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I'm playing a bit with the Net::Amazon::EC2 libraries, and can't find out a simple way to print object properties:

This works:

my $snaps = $ec2->describe_snapshots();
foreach my $snap ( @$snaps ) {
  print $snap->snapshot_id . " " .  $snap->volume_id . "\n";
}

But if I try:

 print "$snap->snapshot_id $snap->volume_id \n";

I get

Net::Amazon::EC2::Snapshot=HASH(0x4c1be90)->snapshot_id

Is there a simple way to print the value of the property inside a print?

share|improve this question
up vote 5 down vote accepted

Not in the way you want to do it. In fact, what you're doing with $snap->snapshot_id is calling a method (as in sub). Perl cannot do that inside a double-quoted string. It will interpolate your variable $snap. That becomes something like HASH(0x1234567) because that is what it is: a blessed reference of a hash.

The interpolation only works with scalars (and arrays, but I'll omit that). You can go:

print "$foo $bar"; # scalar
print "$hash->{key}"; # scalar inside a hashref
print "$hash->{key}->{moreKeys}->[0]"; # scalar in an array ref in a hashref...

There is one way to do it, though: You can reference and dereference it inside the quoted string, like I do here:

use DateTime;
my $dt = DateTime->now();
print "${ $dt->epoch }"; # both ways
print "@{[$dt->epoch]}"; # work

But that looks rather ugly, so I would not recommend it. Use your first approach instead!

If you're still interested in how it works, you might also want to look at these Perl FAQs:


From perlref:

Here's a trick for interpolating a subroutine call into a string:

print "My sub returned @{[mysub(1,2,3)]} that time.\n";

The way it works is that when the @{...} is seen in the double-quoted string, it's evaluated as a block. The block creates a reference to an anonymous array containing the results of the call to mysub(1,2,3) . So the whole block returns a reference to an array, which is then dereferenced by @{...} and stuck into the double-quoted string. This chicanery is also useful for arbitrary expressions:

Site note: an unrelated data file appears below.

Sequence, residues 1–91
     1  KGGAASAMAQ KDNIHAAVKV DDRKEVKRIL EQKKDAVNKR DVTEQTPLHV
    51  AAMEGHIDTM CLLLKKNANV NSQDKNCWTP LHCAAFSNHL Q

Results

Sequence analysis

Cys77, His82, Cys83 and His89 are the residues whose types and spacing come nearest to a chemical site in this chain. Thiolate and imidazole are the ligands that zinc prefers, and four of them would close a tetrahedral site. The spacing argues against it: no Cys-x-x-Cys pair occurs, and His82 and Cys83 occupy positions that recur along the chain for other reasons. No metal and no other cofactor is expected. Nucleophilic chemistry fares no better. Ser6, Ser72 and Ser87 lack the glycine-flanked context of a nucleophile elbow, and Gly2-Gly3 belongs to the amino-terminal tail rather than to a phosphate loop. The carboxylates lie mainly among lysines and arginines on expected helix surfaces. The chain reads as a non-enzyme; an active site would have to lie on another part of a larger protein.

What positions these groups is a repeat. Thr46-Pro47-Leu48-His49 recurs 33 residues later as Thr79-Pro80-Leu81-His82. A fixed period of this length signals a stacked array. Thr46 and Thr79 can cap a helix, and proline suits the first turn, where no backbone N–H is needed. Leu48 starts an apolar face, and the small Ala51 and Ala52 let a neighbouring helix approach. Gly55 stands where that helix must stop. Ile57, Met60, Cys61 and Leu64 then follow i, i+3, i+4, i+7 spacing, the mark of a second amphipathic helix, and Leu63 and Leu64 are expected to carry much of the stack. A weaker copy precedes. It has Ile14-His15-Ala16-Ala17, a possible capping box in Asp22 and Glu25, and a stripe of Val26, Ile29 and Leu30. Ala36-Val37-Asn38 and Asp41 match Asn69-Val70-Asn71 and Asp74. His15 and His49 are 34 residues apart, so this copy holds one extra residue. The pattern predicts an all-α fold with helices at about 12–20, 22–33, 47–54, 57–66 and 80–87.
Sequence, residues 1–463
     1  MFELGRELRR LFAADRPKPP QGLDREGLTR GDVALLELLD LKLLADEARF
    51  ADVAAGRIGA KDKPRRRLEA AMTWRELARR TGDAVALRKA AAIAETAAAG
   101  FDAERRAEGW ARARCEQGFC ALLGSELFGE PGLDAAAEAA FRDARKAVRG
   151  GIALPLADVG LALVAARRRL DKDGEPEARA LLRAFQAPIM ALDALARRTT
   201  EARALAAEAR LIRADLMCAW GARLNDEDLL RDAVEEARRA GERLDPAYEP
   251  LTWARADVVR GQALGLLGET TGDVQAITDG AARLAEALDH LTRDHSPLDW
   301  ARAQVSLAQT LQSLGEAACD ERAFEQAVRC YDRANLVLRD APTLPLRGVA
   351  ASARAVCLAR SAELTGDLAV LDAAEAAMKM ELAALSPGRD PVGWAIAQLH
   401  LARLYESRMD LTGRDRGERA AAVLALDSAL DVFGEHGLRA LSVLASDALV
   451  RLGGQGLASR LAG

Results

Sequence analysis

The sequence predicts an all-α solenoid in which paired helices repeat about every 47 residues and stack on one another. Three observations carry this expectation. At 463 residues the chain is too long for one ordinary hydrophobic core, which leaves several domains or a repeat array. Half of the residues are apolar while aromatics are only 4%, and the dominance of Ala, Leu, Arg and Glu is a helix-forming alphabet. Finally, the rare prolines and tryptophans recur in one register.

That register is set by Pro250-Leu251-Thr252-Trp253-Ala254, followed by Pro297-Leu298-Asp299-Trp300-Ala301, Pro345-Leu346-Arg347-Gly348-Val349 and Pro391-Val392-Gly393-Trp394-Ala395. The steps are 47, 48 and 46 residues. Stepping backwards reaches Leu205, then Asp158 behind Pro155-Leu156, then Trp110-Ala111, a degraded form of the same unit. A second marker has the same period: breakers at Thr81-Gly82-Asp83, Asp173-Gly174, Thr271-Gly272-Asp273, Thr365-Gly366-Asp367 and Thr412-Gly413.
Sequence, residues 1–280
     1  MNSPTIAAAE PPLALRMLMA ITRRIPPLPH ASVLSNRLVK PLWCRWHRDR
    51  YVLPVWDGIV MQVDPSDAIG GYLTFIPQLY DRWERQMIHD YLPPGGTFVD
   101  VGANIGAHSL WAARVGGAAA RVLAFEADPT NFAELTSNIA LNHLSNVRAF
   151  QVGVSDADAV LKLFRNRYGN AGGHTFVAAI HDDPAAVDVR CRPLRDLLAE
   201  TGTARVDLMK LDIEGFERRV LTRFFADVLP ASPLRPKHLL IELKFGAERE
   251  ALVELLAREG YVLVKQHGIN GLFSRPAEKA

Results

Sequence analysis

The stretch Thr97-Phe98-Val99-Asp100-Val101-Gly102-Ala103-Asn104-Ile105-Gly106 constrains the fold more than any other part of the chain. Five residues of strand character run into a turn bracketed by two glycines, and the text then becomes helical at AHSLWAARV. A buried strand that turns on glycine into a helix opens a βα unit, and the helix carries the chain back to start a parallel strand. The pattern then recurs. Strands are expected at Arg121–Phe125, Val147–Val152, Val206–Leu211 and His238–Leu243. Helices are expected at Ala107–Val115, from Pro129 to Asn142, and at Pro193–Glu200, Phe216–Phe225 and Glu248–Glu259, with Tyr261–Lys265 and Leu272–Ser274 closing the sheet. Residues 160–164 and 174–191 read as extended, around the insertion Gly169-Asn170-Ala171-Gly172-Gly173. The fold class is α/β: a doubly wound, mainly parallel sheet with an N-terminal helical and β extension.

print "That yields @{[$n + 5]} widgets\n";

Similarly, an expression that returns a reference to a scalar can be dereferenced via ${...} . Thus, the above expression may be written as:

print "That yields ${\($n + 5)} widgets\n";
share|improve this answer
1  
And if I'd remembered that it was a method call rather than a property, I might have figured it out - thanks for the reminder. – chris Nov 5 '12 at 22:02
    
You're welcome @chris. =) – simbabque Nov 6 '12 at 8:34

$snap->volume_id is not a property, it is a method call. While you could interpolate a method call inside a string, it is exceedingly ugly.

To get all the properties of an object you can use the module Data::Dumper, included with core perl:

use Data::Dumper;
print Dumper($object);
share|improve this answer

Stick with the first sample you showed. It looks cleaner and is easier to read.

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I'm answering this because it took me a long time to find this and I feel like other people may benefit as well.

For nicer printing of objects use Data::Printer and p():

use DateTime;
use Data::Printer;
my $dt = DateTime->from_epoch( epoch => time );
p($dt);
share|improve this answer
    
Data::Printer seems to be better than Data::Dumper when debugging data on screen (not only it's colored, but also formatting is much easier to read by human). – pevik Apr 6 '15 at 21:54

The problem is that $snap is being interpolated inside the string, but $snap is a reference. As perldoc perlref tells us: "Using a reference as a string produces both its referent's type, including any package blessing as described in perlobj, as well as the numeric address expressed in hex."

In other words, within a string, you can't dereference $snap. Your first try was the correct way to do it.

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